The EIR centre, auxilia, blade and bow.

The EIR wing on my right, blade, auxilia and rogue Numidian LH.

The battle from the side; the centre led by Cato is between two difficult hills; Juba’s Numidian psiloi are on one hill while his imitation legionaries, elephant and cavalry are in rough going; Labianus on the right wing is in a hamlet with elephants, cavalry and solid auxilia; he has psiloi and fast auxilia on the other hill.

Clearly the Numidians were not keen on fighting each other, as there were a number of rounds of combat that saw no casualties on that wing; the Romans were not so delicate in their attitude to each other. This is my first victory with this Marian BBDBA army. I’m still not sure how to get it to work well. I will probably get my Carthaginians out as a BBDBA army again soon. They are similarly winless, but I now have a better idea of how to organise commands.

Numidians

5 April, 2018

The Numidians are now compliant with DBA 3.0. I have been very disciplined this year and only bought one pack of figures (I saw them on TradeMe). They were Corvus Belli Numidian archers. I can now have my fifth Ps as archers instead of javelinmen. Painting this element is an excuse to update the page, and to take the photos again with a better camera.

All the Numidians.

The camp (a mixture of Old Glory and Freikorp figures, as well as Donningtons and Essex, I think.

Another angle.

And another.

An elephant or some archers.

Another angle.

And another.

The archers, for full DBA 3.0 compliance.

The javelinmen.

Another angle.

And another.

The cavalry.

Another angle.

Numidians

19 September, 2016

I delved into my lead pile and extracted some figures I bought a good while ago and finally put some paint on them. They had always been an army that shouldn’t have been too much trouble, as they are mostly light horse and psiloi, so few figures, and those not having a lot of variety to their clothes either.

The army was originally intended to be used in a Punic Wars campaign. It’s been finished with a view to being used as an ally to a Marian Roman army. Despite the Corvus Belli figures no longer being made, I am fortunate to be able to field the main options for the army, even with the changes to the list under DBA 3.0.

The Numidian army, all the options I have painted

The Numidian army, all the options I have painted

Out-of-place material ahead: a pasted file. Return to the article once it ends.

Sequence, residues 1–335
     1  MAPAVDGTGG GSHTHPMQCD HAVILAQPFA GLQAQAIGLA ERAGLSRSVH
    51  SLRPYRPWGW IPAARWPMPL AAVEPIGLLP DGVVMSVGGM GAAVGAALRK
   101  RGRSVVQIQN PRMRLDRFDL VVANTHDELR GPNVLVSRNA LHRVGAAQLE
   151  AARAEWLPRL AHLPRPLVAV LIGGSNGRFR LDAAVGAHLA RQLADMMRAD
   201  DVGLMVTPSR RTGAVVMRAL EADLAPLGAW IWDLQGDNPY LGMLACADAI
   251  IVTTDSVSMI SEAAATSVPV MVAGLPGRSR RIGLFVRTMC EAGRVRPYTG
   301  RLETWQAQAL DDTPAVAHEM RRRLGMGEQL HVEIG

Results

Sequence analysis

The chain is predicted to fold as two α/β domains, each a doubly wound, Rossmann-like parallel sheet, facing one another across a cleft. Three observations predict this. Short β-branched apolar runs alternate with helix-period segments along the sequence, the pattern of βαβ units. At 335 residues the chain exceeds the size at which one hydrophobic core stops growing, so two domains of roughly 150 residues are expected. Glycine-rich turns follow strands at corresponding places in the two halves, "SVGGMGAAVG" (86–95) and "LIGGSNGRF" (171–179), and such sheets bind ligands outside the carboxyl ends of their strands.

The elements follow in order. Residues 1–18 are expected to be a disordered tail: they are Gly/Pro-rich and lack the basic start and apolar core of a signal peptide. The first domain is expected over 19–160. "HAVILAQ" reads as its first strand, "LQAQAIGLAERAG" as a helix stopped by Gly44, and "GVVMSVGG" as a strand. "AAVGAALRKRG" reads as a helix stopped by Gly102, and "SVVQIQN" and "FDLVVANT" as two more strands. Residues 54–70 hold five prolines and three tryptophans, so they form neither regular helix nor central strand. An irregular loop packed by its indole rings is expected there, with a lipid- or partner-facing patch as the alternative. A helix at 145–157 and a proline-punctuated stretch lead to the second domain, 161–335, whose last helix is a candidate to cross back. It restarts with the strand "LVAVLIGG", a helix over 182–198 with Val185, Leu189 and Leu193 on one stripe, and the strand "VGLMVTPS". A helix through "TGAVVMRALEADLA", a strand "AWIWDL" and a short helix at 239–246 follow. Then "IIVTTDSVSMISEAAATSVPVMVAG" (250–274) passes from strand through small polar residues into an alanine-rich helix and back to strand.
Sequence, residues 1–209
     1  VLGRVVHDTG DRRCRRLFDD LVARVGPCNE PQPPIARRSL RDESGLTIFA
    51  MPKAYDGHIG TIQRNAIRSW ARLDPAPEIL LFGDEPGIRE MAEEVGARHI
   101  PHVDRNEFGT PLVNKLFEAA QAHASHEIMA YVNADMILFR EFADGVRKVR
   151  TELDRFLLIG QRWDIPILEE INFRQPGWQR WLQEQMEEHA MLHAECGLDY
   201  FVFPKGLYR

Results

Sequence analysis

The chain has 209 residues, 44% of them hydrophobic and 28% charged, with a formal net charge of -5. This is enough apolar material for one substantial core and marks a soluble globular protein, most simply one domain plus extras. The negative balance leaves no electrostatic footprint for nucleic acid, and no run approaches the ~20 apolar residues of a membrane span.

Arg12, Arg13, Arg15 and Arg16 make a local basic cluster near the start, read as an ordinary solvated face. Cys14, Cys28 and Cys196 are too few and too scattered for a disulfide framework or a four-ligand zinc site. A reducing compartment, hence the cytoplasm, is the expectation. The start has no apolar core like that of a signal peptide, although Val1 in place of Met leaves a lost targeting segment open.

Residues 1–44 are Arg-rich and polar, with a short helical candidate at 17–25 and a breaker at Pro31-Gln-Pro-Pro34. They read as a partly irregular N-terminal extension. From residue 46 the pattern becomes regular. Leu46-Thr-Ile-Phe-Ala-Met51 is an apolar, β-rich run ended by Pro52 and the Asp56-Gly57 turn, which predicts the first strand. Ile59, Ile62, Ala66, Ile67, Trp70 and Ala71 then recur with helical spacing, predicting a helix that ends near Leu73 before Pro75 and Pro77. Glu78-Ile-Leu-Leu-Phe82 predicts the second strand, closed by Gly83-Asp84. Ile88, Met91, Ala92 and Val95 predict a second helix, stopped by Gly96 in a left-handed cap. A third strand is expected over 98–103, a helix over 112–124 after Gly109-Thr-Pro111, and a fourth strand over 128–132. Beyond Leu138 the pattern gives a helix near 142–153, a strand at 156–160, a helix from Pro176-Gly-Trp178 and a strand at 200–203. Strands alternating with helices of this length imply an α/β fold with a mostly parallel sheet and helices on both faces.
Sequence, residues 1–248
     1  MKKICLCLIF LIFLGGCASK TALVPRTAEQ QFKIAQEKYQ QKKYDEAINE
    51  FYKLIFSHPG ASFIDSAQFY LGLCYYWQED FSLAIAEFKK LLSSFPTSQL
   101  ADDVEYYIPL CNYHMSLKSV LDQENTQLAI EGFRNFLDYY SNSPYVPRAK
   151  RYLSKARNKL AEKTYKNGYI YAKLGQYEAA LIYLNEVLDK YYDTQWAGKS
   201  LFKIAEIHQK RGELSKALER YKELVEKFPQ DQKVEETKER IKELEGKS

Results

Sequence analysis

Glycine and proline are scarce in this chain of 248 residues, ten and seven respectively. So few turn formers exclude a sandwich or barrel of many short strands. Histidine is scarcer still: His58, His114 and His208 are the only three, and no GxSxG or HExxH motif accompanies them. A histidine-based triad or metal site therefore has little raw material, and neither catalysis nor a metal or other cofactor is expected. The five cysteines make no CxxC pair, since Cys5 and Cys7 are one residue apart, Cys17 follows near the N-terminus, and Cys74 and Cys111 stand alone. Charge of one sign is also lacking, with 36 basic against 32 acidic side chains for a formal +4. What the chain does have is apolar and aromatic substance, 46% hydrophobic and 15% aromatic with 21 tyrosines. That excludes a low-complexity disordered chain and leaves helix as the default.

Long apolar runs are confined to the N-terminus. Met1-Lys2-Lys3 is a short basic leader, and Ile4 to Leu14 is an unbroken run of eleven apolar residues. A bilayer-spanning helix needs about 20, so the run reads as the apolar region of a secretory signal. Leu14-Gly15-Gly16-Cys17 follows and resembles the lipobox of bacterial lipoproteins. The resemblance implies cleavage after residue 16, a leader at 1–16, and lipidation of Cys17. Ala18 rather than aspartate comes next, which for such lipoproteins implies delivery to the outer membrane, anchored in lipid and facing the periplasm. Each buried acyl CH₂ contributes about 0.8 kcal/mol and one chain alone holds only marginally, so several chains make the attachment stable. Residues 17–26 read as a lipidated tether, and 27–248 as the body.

The heart of the army is its cavalry. I have gone for the Cv general over the LH one. the LH one is probably a better choice for the earlier versions of the army. Otherwise, the army is able to field up to 6 LH and an elephant.

a628

The mounted elements.

a629

The cavalry commander and the elephant.

a630

Another side.

a634

The famous Numidian light horse; you can see two of these were painted some time ago for the Carthaginian army.

a635

Another view.

The rest of the army is now mostly psiloi; under DBA 2.2 these could have been 3Ax, which would be more useful. I’ve only painted the minimum of four Ps, though I have stacks left, as I’d anticipated basing some of them as 3Ax. What would be good, would be some of the CB Numidian Warriors III (CB408) to use as Imitation Legionaries or Roman-trained regular javelinmen. In their absence I’ll be using Freikorp Imitation Legionaries I’ve already painted.

a624

The not so famous Numidian foot, now all psiloi or a couple of imitation legionaries (on loan from the Seleucids).

I’ve also done a camp using a Baueda hut and figures from Donningtons and Freikorp.

 

a625

The camp.

a626

Another angle.

a627

From behind.

I’m not overwhelmed by the quality of the paintjob; I’m rusty and I was in a hurry to get them done. The wash was a bit rushed, which is something I’ll be more careful about in the future. I should add some stones and reeds to the bases at some stage too. I have started using a wet palate, which has made painting faster and easier.